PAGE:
Soto’s characterisation is purely functional and his actors seem to have received little or no direction (this sometimes creates an uncanny effect, as when Jane explains the situation to her teenage children while they stare at her blankly).
Nor does the film succeed as a more abstract kind of sci-fi puzzle. There are a couple of twists, but the ending is such an anti-climax that the real mystery is how Soto and co-writer Michael White thought they could get away with it.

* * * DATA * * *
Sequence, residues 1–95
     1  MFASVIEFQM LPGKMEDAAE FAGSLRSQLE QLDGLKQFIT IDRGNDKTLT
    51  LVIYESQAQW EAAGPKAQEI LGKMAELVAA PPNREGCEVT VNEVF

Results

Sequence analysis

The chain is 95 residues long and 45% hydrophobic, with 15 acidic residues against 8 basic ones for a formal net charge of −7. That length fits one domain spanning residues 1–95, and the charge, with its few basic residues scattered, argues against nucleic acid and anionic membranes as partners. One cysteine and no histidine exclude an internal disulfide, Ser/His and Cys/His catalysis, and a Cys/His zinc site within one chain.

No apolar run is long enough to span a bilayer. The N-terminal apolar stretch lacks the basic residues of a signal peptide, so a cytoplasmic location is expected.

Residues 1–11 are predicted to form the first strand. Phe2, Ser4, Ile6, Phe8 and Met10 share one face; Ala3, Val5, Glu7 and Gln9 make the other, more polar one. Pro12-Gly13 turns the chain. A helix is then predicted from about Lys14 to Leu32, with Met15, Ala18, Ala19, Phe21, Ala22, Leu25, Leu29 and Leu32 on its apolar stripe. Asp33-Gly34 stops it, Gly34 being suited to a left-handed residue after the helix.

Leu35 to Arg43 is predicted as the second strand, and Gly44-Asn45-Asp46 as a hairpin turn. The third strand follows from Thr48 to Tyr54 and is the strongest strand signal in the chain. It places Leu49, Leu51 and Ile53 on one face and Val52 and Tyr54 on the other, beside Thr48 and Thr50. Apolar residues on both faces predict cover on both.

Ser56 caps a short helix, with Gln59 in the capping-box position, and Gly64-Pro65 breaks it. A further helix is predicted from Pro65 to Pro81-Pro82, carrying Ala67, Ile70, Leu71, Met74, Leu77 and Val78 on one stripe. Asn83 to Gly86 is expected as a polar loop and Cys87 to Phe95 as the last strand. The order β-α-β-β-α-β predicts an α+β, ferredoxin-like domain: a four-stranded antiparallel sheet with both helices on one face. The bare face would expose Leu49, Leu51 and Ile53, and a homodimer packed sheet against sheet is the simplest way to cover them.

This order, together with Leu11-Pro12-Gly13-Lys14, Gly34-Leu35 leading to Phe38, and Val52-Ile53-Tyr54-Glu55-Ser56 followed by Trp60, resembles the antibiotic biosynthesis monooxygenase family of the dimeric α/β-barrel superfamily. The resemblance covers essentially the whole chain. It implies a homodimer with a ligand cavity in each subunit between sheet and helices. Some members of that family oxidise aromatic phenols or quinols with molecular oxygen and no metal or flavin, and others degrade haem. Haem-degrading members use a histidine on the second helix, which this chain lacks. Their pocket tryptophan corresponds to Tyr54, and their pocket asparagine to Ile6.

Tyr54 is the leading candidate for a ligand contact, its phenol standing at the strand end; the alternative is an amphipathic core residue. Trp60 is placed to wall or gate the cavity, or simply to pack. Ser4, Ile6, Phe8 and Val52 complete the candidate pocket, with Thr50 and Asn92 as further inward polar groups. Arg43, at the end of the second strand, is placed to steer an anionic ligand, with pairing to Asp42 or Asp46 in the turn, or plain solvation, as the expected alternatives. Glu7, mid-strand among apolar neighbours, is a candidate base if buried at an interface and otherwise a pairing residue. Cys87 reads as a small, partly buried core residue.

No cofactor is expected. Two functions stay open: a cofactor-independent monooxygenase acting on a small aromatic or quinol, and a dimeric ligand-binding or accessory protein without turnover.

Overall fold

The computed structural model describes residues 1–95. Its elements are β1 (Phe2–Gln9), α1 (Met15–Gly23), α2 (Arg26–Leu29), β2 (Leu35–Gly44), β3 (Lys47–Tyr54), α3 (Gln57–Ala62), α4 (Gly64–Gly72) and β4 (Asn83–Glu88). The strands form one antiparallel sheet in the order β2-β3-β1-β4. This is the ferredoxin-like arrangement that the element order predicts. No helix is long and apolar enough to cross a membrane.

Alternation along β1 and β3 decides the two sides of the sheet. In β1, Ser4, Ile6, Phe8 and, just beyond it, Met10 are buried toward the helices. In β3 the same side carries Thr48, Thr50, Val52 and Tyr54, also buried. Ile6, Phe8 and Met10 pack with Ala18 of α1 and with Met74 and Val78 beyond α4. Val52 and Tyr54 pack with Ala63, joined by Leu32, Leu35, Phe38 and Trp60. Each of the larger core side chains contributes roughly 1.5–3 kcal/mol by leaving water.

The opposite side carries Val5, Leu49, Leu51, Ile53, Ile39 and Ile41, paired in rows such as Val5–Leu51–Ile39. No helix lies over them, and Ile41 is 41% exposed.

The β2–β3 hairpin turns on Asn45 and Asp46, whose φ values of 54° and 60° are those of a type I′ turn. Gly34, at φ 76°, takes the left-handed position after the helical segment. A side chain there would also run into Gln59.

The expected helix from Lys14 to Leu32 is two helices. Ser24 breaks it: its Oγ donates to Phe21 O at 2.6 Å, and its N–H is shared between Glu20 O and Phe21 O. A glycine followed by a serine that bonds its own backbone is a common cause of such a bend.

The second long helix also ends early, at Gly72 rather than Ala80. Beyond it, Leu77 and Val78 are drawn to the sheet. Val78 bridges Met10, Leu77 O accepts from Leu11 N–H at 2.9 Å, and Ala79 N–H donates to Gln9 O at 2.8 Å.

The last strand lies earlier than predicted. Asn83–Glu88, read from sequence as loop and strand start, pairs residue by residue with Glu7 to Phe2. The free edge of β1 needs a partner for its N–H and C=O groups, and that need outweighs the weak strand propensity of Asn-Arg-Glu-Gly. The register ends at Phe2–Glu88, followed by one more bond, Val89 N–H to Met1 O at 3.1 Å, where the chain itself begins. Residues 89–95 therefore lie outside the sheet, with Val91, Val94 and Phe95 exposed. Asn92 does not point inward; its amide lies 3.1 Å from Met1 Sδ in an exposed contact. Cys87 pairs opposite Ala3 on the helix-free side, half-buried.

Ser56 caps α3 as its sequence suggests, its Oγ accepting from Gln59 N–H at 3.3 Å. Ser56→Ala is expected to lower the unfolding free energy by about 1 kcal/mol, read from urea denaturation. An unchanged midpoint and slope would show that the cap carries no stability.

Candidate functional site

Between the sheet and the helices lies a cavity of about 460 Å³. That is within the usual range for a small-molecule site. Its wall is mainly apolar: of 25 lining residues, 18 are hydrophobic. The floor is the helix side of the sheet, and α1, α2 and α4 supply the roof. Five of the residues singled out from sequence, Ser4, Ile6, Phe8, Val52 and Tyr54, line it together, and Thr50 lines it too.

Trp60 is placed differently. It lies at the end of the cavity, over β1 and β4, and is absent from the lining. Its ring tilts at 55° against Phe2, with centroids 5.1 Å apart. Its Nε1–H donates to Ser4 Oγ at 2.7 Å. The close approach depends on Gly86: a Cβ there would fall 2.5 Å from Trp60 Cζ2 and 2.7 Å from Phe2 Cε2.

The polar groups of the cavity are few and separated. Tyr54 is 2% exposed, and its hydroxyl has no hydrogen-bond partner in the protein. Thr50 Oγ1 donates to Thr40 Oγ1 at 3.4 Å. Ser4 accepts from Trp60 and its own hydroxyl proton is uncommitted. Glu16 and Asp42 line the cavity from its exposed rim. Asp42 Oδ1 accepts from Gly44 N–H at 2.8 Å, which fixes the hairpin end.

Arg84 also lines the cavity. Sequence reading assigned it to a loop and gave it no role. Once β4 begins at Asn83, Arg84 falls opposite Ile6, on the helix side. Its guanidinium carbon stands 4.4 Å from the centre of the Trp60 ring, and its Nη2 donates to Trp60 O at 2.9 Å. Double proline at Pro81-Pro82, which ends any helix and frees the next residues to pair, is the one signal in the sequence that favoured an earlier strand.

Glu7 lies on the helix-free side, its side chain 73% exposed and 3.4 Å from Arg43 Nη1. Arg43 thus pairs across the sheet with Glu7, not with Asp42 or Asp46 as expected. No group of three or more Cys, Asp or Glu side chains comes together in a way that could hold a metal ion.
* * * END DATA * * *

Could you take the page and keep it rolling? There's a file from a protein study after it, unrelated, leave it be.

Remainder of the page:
If The Gateway can be recommended to anyone, it’s to buffs with a cultivated taste for Z-grade, bare-bones filmmaking (the scenes in Jane’s laboratory, for instance, look as if they were shot out the back of an office supplies shop).
This is not entirely a matter of “so bad it’s good”. At their best, Soto’s stark, simplified widescreen compositions recall the great genre director John Carpenter, and there’s a minor thrill in seeing this deliberately minimal style applied to the blandness of Perth suburbia.
In his own way, it’s clear Soto cares about cinema. Where The Gateway is concerned, however, he should really look at selling the remake rights.